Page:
In the previous article, ten qualities of a healthy relationship, we talked about the first five habits couples exhibit. Today we will discuss the remaining aspects in this list.  This list is not exhaustive but certainly paints a realistic picture of what a healthy relationship may look and feel like.

  1. You are committed to the relationship

Commitment means you value the relationship and make it priority. While you value each other’s individuality, you commit to the relationship first, and commit to zero negativity. Certainly conflict will arise but you are confident and dedicated to calmly resolving whatever arises quickly and then moving on.

  1. You respect and accept each other

You both accept and respect your differences and similarities. Neither is trying to fix or change the other. You are thoughtful not to criticize, blame, defend, demand, or have angry outbursts.   Content couples have simple rules and boundaries of respect and acceptance of differences.

  1. You take personal responsibility

The dynamics of a relationship are always 50/50. Healthy couples take responsibility for their role. Decisions are made with equal power. You recognize and accept each other’s strengths and weaknesses.

For example, the CPA is responsible for the couple’s finances while the technical security specialist is responsible for the upkeep of all electronic devices.

  1. You focus on the positive

Use your brain to your advantage. Our brains are built for deception. Use mindfulness and gratitude exercises to train your brain to focus on the positive and shift your attention to love and attraction.

For instance, your loved one leaves their morning breakfast dishes in the sink, instead of focusing on the negative, appreciate the dinner they prepared for you.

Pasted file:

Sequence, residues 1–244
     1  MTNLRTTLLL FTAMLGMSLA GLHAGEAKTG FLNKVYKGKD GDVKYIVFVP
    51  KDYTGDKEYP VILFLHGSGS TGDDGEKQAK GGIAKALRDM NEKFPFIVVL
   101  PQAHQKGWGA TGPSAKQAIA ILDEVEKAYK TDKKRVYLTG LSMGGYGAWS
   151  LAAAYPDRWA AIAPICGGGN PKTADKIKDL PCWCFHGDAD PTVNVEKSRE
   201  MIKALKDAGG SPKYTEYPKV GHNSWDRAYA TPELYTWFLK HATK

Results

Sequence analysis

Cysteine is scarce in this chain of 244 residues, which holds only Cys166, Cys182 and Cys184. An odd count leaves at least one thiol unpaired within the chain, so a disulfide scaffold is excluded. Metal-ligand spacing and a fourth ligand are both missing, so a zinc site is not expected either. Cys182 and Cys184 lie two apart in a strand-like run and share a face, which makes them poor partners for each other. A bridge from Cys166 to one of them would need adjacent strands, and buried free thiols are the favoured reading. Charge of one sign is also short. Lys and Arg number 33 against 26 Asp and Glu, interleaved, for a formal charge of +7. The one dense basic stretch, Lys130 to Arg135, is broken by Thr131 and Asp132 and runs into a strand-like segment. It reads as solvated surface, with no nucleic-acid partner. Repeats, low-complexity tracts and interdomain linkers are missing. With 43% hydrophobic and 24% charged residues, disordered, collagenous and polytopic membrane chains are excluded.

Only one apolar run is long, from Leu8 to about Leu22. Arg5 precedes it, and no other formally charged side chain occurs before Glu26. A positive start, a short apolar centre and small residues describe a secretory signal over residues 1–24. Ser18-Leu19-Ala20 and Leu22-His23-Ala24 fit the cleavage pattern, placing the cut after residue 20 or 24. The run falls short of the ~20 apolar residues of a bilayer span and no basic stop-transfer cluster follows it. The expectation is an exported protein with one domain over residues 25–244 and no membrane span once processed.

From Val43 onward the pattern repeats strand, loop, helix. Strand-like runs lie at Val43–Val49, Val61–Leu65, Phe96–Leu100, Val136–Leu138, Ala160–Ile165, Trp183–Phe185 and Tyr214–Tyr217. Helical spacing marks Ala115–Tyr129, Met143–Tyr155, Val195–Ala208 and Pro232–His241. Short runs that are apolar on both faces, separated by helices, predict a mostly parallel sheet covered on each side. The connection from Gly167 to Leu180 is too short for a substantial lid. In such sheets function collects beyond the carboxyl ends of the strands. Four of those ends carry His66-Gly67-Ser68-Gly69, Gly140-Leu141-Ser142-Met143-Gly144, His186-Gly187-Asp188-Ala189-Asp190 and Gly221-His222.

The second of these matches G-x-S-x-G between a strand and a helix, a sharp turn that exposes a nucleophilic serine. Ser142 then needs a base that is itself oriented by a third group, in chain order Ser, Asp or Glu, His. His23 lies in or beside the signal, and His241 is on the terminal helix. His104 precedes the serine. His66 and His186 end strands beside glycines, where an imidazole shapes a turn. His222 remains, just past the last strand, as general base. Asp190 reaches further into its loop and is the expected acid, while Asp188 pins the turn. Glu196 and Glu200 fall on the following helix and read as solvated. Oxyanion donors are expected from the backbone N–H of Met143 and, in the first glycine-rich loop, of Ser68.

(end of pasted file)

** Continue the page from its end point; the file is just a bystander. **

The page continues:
1. You are dedication to being together

Dedication is having a feeling of strong support and loyalty to the relationship. You are dedicated to the process and journey together. You acknowledge conflict is normal; you talk about it, resolve it, and then let it go. You set guidelines and commit to those rules.

Summary

Healthy couples know what it feels like and looks like to be in a strong relationship.  When we grow-up in a dysfunctional home, our role models don’t portray an accurate picture.  If you were one of the many whose childhood was not safe and secure,  it’s never too late to learn how to have a healthy, happy relationship.

It begins by listening to your self; your thoughts, feelings, and attuning to your body responses.  When you spend time together, it is quality time?  How do you feel about yourself and the relationship when you are together? Are you affectionate and loving together each other?  How is your sex life?  Do you both openly and honestly share your inner world and open-heartedly and open-mindedly listen to your partner?

Are you commited to the relationship?  Are you self-aware and take personal responsibility for your happiness and how you treat your partner?  Do you focus on the positive more than the negative?  When conflict arises, are you able to resolve the issue head-on and then let it go?  Do you set boundaries and stay true to them? And lastly do you have fun and laugh together?

Fix it!

Take time for a relationship review. Journal and answer some or all the questions raised.  Where do you have strengths? Where on the list are you weak? If more weaknesses reside than strengths you may need the help of a professional.

Please comment and share your experiences.

April Wright, M.A., LMFT

Mind/Body/Spiritual Coach

Licensed Marriage and Family Therapist MFC96155

www.aprilwrighttherapy.com

april@aprilwrighttherapy.com